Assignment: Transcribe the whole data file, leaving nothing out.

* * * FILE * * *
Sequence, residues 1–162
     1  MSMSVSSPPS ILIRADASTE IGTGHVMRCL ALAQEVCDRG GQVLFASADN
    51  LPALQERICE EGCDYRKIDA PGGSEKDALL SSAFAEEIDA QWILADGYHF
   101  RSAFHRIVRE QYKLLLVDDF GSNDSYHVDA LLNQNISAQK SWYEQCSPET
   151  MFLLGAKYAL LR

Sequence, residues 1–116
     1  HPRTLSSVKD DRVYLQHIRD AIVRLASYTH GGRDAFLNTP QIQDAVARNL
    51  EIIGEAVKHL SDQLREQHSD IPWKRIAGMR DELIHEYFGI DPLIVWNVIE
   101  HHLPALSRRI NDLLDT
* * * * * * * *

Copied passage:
Sequence, residues 1–162
     1  MSMSVSSPPS ILIRADASTE IGTGHVMRCL ALAQEVCDRG GQVLFASADN
    51  LPALQERICE EGCDYRKIDA PGGSEKDALL SSAFAEEIDA QWILADGYHF
   101  RSAFHRIVRE QYKLLLVDDF GSNDSYHVDA LLNQNISAQK SWYEQCSPET
   151  MFLLGAKYAL LR

Sequence, residues 1–116
     1  HPRTLSSVKD DRVYLQHIRD AIVRLASYTH GGRDAFLNTP QIQDAVARNL
    51  EIIGEAVKHL SDQLREQHSD IPWKRIAGMR DELIHEYFGI DPLIVWNVIE
   101  HHLPALSRRI NDLLDT